The Home Office helps safeguard children and vulnerable adults by providing employers with a service that lets them see safeguarding information, such as details of criminal records, about people who want to work with children or vulnerable adults. Employers use this service to help them decide who to employ. The safeguarding service is run by the Disclosure and Barring Service (DBS), an arm’s length body set up by the Home Office in 2012, which brought together the previous Criminal Records Bureau (CRB) and the Vetting and Barring Scheme (VBS).
When the DBS was created, the Home Office wanted to modernise what was previously a paper-based service and launch a new product (“the Update Service”) that it assumed people would choose to use in large numbers. The Update Service would enable users to use one DBS certificate across a number of organisations with the same disclosure level, rather than apply separately for each one. This was intended to make DBS cheaper to run for both government and DBS’s customers and to provide a better service for employers and the individuals. We reported in May 2018 on the failure of the DBS and the Home Office to modernise these services. Since then, the modernisation programme has not been completed.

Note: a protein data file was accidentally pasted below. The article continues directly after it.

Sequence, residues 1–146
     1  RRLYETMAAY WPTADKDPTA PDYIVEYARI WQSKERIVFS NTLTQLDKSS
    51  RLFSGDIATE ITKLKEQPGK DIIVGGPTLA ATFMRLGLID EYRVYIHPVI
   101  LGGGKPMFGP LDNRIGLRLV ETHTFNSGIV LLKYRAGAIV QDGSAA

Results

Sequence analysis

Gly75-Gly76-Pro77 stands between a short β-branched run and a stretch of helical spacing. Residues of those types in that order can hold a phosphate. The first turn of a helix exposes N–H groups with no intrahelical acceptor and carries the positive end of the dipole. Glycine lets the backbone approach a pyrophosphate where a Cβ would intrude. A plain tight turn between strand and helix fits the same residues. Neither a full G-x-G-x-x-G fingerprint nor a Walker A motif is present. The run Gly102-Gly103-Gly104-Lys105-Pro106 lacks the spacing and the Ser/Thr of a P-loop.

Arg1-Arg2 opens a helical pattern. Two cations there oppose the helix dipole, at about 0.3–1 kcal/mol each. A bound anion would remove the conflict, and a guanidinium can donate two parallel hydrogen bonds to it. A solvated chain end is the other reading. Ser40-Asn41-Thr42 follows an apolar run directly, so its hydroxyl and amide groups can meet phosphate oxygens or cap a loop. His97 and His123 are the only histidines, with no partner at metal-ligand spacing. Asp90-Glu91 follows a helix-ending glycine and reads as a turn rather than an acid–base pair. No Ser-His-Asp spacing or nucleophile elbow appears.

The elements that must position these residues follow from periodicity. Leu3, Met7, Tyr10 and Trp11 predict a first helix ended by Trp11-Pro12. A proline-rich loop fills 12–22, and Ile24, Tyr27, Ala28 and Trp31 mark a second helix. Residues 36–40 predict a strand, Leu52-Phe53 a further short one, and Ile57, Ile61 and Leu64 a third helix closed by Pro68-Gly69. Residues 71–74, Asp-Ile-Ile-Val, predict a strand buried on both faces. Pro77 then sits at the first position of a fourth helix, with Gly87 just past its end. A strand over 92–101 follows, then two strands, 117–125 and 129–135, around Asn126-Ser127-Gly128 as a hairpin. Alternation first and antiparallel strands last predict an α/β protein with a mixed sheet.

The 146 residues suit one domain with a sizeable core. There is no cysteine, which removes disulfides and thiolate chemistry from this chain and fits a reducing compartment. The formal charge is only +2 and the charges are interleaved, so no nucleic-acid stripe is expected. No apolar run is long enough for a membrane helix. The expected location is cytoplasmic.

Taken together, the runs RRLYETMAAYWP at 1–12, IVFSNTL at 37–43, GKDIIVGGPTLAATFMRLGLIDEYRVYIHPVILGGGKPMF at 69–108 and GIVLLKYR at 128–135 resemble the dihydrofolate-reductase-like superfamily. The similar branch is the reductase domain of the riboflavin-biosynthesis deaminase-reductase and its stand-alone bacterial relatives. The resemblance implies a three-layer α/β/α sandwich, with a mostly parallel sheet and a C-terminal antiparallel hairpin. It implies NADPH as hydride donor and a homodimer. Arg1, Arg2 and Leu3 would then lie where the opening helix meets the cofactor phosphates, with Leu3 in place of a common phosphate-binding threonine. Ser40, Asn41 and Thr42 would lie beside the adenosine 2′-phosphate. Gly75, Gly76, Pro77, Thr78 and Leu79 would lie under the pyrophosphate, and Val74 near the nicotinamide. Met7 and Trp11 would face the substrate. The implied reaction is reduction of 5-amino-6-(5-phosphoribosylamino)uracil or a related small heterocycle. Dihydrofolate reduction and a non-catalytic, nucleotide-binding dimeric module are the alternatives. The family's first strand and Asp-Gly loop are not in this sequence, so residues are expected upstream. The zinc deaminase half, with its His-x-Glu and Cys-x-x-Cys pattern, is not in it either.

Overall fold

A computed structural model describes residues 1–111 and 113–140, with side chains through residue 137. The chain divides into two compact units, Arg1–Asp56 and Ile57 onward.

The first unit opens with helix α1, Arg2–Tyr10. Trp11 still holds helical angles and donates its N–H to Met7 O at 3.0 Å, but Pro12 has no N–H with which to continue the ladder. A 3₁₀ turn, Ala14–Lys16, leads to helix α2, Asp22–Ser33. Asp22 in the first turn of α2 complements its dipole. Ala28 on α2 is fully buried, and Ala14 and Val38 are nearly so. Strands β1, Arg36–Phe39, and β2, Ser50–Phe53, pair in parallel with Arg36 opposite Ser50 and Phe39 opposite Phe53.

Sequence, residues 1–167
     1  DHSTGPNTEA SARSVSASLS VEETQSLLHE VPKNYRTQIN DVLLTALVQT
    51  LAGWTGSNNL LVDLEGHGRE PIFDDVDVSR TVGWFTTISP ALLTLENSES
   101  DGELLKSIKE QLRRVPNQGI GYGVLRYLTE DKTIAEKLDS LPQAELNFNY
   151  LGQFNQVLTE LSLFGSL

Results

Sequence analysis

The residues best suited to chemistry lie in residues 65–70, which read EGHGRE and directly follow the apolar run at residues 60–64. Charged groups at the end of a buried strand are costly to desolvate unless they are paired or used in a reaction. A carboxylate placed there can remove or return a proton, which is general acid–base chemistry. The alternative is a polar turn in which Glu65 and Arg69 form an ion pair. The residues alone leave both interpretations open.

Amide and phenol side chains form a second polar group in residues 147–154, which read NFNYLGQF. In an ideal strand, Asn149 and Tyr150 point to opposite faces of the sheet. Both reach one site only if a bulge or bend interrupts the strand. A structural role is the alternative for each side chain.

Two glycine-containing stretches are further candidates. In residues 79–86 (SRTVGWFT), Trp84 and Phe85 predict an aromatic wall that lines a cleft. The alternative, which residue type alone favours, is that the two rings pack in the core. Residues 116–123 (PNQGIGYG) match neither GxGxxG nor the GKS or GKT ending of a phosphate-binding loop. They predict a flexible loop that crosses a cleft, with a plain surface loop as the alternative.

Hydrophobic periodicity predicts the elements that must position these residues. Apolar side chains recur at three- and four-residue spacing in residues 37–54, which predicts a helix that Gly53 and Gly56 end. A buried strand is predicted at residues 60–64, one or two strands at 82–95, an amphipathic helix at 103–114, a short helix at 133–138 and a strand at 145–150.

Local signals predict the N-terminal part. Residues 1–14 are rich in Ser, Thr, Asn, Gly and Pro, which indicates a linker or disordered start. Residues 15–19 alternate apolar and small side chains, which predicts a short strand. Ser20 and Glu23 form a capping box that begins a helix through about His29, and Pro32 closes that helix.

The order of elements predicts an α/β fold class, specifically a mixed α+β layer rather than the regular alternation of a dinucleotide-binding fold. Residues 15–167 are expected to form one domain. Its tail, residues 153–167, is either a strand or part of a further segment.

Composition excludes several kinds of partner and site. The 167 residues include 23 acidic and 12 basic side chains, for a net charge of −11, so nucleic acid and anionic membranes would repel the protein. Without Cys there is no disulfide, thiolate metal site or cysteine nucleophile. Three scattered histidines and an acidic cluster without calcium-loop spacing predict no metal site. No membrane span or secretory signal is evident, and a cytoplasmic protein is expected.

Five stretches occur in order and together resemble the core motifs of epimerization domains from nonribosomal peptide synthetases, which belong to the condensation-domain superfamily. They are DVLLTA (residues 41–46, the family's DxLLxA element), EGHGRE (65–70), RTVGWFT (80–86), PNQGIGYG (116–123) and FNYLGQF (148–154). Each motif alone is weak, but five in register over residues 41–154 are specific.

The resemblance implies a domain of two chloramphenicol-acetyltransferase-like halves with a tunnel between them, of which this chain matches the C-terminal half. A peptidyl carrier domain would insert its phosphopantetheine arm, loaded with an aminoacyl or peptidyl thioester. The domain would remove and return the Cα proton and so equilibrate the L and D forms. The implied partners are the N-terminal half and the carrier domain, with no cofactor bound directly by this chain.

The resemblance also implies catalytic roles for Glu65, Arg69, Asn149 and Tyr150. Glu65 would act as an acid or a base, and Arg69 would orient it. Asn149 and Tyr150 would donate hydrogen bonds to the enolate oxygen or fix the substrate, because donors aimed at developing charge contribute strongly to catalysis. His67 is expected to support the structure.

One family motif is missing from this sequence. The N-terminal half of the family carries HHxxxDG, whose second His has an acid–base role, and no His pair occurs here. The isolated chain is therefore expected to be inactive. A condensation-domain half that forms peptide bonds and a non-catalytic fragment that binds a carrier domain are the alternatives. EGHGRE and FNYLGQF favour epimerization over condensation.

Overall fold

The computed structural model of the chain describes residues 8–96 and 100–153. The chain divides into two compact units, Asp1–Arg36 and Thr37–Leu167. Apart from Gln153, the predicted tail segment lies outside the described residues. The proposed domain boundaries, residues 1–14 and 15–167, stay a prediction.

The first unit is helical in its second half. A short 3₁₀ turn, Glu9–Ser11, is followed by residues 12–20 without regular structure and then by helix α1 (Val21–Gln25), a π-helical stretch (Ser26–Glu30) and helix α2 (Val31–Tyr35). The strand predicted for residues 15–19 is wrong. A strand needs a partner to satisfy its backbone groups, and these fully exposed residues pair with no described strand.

In March 2019, we recalled the Home Office and the DBS to set out when modernisation would be completed and explain the delays. In April 2019, we also questioned Sir Mark Sedwill, now Head of the UK Civil Service, about the decisions he made on DBS during his time as Permanent Secretary at the Home Office between 2013 and 2015.
Published: 1 May 2019